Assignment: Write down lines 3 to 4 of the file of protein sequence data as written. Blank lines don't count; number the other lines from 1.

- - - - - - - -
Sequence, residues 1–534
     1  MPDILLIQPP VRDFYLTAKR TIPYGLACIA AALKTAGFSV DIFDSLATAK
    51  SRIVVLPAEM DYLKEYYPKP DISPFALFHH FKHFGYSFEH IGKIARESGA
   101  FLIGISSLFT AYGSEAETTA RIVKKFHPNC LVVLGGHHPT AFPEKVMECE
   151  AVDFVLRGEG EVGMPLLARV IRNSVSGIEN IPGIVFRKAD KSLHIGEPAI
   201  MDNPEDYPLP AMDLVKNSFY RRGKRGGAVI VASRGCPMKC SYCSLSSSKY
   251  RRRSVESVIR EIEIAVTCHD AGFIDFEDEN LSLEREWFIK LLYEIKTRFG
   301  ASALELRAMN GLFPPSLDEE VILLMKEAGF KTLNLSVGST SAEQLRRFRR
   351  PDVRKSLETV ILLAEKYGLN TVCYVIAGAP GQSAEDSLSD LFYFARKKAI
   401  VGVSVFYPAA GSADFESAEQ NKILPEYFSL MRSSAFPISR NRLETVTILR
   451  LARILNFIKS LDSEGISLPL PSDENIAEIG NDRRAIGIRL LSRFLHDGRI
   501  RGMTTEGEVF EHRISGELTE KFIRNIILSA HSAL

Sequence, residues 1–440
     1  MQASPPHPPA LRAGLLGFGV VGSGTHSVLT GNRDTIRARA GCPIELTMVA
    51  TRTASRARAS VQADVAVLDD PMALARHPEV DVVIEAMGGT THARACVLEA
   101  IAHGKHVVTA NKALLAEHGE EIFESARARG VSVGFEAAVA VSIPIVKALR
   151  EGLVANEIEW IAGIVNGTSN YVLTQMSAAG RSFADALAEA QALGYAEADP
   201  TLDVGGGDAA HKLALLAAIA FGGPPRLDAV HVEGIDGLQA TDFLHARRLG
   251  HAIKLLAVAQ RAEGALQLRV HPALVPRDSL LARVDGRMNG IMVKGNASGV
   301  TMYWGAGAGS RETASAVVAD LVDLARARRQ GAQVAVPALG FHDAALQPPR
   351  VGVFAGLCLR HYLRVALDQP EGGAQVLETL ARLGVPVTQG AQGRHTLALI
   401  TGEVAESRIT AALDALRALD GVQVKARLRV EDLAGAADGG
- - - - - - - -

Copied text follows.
    51  SRIVVLPAEM DYLKEYYPKP DISPFALFHH FKHFGYSFEH IGKIARESGA
   101  FLIGISSLFT AYGSEAETTA RIVKKFHPNC LVVLGGHHPT AFPEKVMECE